Recently in Bilbao – Inside World Leisure Organization

New WLO Centre of Excellence

Aurelia Kogler and Andrew Williams

The University of Deusto was founded in 1886 by the Jesuits as one of the first private universities in Spain. At present, it is one of the most renowned Spanish universities. More than 70,000 graduates have studied here, many of whom are currently outstanding figures in the economic, political and cultural world in Spain. The Institute of Leisure Studies at Deusto University was established in 1988 with the aim of giving a response to all the questions arising from the environment we live in.

Deusto University applied to be recognized by WLO as a Centre of Excellence. It was evident that the University had understood not only the principle of Teaching and Research Excellence but also the requirements of WLO in this regard. WLO took the opportunity to visit the University to carry out a detailed assessment in September 2014.

The assessment team comprised two WLO Board Members with very different backgrounds. Professor Aurelia Kogler is an accomplished leisure academic and strategy consultant, Andrew Williams is a leisure operations and business consultant.

Their assessment identified six key areas which would be examined in more detail:

1. Content
The proposal was that the Centre would cover PhD, Masters and ‘undergraduate’ courses – the last of these is not currently a graduate course because the leisure study program is not fully recognized in Spain as a degree subject. Clearly there is still some work to do!  The course content embraces a broad minded approach to the subject matter which encourages exploration of new concepts and ideas. This is felt to be a great strength as it allows students to pursue topics in which they have a strong interest.

2. Quality
The University is renowned both in Spain and beyond as maintaining high standards both in research and in student teaching. In parallel with the academic standards there is a professional discipline about all they do. For example, students are required to adhere to strict schedules and completion of degrees within a limited timeframe. By setting standards in many different areas they helped create a culture which encourage the best results.

3. Organization
The University has recently changed its organizational structure to better reflect the current academic world. It is evident that this was embraced with enthusiasm as a positive and necessary step in protecting its future. Interestingly, there is a recognition at a very senior level that the changes were probably only a stepping stone towards further changes which would bring even greater effectiveness in their role as educators and researchers. This gives a reassurance that the management team at the University is both dynamic and forward thinking. There is a clear vision for the future and the University Management Team took pride in presenting themselves and their aspirations to the assessment team.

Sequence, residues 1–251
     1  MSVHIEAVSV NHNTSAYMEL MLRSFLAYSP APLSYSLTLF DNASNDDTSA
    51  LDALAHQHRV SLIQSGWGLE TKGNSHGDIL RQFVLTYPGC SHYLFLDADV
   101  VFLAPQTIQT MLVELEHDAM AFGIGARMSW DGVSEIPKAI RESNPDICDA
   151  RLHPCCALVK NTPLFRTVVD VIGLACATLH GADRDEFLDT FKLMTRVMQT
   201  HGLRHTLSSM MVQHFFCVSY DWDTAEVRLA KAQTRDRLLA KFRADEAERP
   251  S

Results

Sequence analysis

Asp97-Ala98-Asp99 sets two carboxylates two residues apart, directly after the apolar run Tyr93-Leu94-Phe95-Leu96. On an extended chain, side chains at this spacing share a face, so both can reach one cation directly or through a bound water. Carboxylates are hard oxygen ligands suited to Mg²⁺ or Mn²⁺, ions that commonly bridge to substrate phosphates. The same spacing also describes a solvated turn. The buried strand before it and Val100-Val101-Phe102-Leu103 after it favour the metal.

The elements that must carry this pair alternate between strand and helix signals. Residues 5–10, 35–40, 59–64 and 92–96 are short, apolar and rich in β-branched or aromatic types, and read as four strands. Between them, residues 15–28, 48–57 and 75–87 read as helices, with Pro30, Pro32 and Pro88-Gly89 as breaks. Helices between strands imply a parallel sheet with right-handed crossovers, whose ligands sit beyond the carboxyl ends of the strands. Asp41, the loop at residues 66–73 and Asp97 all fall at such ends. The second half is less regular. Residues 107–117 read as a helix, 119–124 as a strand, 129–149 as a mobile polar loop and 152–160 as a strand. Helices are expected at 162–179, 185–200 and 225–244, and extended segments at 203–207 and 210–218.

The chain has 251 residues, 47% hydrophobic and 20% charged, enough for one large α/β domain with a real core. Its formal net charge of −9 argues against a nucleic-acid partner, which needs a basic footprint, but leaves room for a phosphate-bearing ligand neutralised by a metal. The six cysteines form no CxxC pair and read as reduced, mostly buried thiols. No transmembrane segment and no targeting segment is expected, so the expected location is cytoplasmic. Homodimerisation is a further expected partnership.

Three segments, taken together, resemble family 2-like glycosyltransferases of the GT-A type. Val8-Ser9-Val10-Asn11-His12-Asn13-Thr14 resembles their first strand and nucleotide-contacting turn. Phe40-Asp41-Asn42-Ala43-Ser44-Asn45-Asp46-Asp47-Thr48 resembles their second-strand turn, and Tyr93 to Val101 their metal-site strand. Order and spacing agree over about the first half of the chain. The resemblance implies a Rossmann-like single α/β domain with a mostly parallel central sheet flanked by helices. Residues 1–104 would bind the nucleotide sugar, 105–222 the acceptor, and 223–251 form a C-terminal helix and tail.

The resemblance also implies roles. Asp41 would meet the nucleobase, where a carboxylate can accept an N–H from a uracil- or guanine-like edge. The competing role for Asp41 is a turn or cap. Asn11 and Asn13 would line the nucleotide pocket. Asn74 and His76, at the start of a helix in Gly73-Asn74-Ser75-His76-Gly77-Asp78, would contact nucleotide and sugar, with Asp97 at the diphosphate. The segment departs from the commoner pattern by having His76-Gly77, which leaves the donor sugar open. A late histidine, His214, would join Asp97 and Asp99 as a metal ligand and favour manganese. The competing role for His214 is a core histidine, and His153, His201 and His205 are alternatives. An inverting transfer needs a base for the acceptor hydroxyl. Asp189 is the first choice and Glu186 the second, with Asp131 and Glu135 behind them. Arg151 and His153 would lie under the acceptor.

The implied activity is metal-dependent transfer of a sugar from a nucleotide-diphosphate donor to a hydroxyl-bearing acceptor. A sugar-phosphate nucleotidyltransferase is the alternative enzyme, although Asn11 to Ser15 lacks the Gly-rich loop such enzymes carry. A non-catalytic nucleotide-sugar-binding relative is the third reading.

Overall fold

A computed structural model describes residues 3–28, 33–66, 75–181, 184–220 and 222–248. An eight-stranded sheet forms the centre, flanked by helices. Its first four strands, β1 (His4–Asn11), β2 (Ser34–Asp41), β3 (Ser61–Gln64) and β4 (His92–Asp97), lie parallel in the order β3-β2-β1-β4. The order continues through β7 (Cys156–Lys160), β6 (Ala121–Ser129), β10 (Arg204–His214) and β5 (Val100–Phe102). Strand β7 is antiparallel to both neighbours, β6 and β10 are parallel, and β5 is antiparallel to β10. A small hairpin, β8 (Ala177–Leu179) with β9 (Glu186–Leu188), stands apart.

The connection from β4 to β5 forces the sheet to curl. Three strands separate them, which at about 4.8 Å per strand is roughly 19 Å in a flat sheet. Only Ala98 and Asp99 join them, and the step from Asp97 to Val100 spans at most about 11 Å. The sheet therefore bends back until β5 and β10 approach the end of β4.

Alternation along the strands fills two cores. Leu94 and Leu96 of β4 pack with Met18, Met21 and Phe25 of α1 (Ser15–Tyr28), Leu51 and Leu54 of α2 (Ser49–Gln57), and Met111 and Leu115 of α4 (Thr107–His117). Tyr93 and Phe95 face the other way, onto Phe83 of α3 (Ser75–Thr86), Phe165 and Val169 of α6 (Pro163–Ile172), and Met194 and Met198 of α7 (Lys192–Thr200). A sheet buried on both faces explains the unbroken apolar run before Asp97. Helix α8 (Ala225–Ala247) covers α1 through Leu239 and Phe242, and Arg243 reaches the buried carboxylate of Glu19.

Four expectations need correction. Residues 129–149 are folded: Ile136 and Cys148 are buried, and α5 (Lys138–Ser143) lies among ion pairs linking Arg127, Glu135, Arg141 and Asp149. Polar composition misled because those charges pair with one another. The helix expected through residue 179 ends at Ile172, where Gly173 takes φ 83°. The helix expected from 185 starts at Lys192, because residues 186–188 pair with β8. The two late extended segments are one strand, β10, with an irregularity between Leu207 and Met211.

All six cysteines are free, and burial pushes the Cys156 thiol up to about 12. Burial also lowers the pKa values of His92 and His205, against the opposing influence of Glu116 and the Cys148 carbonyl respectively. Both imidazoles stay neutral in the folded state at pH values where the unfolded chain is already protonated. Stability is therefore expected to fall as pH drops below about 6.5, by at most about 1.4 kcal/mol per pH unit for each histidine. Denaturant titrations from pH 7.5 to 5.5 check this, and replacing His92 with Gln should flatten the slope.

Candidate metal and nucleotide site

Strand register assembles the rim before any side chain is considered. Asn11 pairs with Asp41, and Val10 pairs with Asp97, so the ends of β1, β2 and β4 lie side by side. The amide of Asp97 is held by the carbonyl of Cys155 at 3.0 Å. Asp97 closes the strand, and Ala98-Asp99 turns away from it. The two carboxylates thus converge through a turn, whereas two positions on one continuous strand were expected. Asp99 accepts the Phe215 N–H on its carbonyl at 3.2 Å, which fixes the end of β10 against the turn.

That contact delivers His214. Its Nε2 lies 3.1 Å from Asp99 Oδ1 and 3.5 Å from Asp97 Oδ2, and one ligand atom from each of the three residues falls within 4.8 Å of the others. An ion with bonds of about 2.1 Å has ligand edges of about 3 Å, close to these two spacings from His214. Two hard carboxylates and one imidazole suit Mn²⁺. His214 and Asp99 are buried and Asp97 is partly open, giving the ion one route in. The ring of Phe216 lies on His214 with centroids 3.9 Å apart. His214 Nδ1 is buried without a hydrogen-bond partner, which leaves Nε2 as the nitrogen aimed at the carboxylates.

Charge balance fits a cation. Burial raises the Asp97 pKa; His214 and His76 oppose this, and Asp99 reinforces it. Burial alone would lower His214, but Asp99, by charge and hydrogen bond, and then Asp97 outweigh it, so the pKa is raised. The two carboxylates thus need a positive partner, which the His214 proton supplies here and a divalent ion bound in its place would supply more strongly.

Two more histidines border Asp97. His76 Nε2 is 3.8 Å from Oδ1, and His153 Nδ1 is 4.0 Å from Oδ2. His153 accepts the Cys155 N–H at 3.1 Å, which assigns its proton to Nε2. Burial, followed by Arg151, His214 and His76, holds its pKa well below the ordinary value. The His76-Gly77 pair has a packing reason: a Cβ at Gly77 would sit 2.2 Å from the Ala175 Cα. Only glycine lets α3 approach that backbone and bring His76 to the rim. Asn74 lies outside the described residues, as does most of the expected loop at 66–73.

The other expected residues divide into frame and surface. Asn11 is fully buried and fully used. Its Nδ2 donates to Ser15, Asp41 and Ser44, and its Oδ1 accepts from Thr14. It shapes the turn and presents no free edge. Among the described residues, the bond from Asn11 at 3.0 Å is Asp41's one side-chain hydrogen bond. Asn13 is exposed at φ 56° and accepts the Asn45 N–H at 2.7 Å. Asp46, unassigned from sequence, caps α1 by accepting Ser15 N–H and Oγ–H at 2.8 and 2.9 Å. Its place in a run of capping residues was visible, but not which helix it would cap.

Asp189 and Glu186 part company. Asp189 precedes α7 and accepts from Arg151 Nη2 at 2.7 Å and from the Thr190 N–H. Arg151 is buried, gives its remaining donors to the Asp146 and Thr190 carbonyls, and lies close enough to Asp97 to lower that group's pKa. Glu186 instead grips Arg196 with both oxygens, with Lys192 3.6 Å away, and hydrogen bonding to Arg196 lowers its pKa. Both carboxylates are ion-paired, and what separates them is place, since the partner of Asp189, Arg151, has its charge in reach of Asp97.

4. Finance
The Faculty exhibited a very healthy financial performance which was professionally managed by a specialist. It regularly delivered a surplus of 30% (on turnover) back to the University. As a non-profit making organization, all surplus funds are directed towards the teaching and research in line with its guiding remit established by the Jesuits.

5. Culture
The whole University, and the Institute of Leisure Studies in particular, generated a real sense of community. It acts as a team with everyone being respected for the contribution they make to the life of the University. There is also a genuine understanding that education goes beyond academic study. During the visit of the assessment team the Rector of the University invited all the international students who had enrolled that year to a reception where he personally welcomed them to the University and the City of Bilbao, making it clear that the University would make a real commitment to this phase of their lives – not just their studies. It was a powerful message and one that was clearly well received by the over 200 students who attended. Perhaps the strongest sense of their culture was visible in their desire to become a Centre of Excellence so that they could share with other Centres and grow as a result.

6. Sustainability
WLO is keen to ensure that a Centre of Excellence has the capacity to continue into the foreseeable future. Deusto gave confidence that they would achieve that without doubt. Healthy financial performance, a clear vision and strong leadership which understands the value of working as a team are all indicators that both the University and the Institute can be sustained. As further evidence, they have been overcoming numerous obstacles during their own history – and a healthy recognition that they will have to do the same in the future!

In conclusion, the assessment team found an Institute which has a real purpose in seeking to be a Centre of Excellence. It wants to use the recognition as a platform to grow in its own right but also as a trigger to share with other Centres. In reflecting on the assessment visit the team tried to identify a word or phrase which captured the experience they witnessed at the University. It came to them whilst walking through the beautiful main building after visiting the historic library and seeing the international students gathering for the welcome by the Rector. Simply ‘Inspiring’. It truly is a place to inspire students to study and learn and live. The Board of WLO unanimously approved the proposal that Deusto University become our latest Centre of Excellence. Congratulations to them!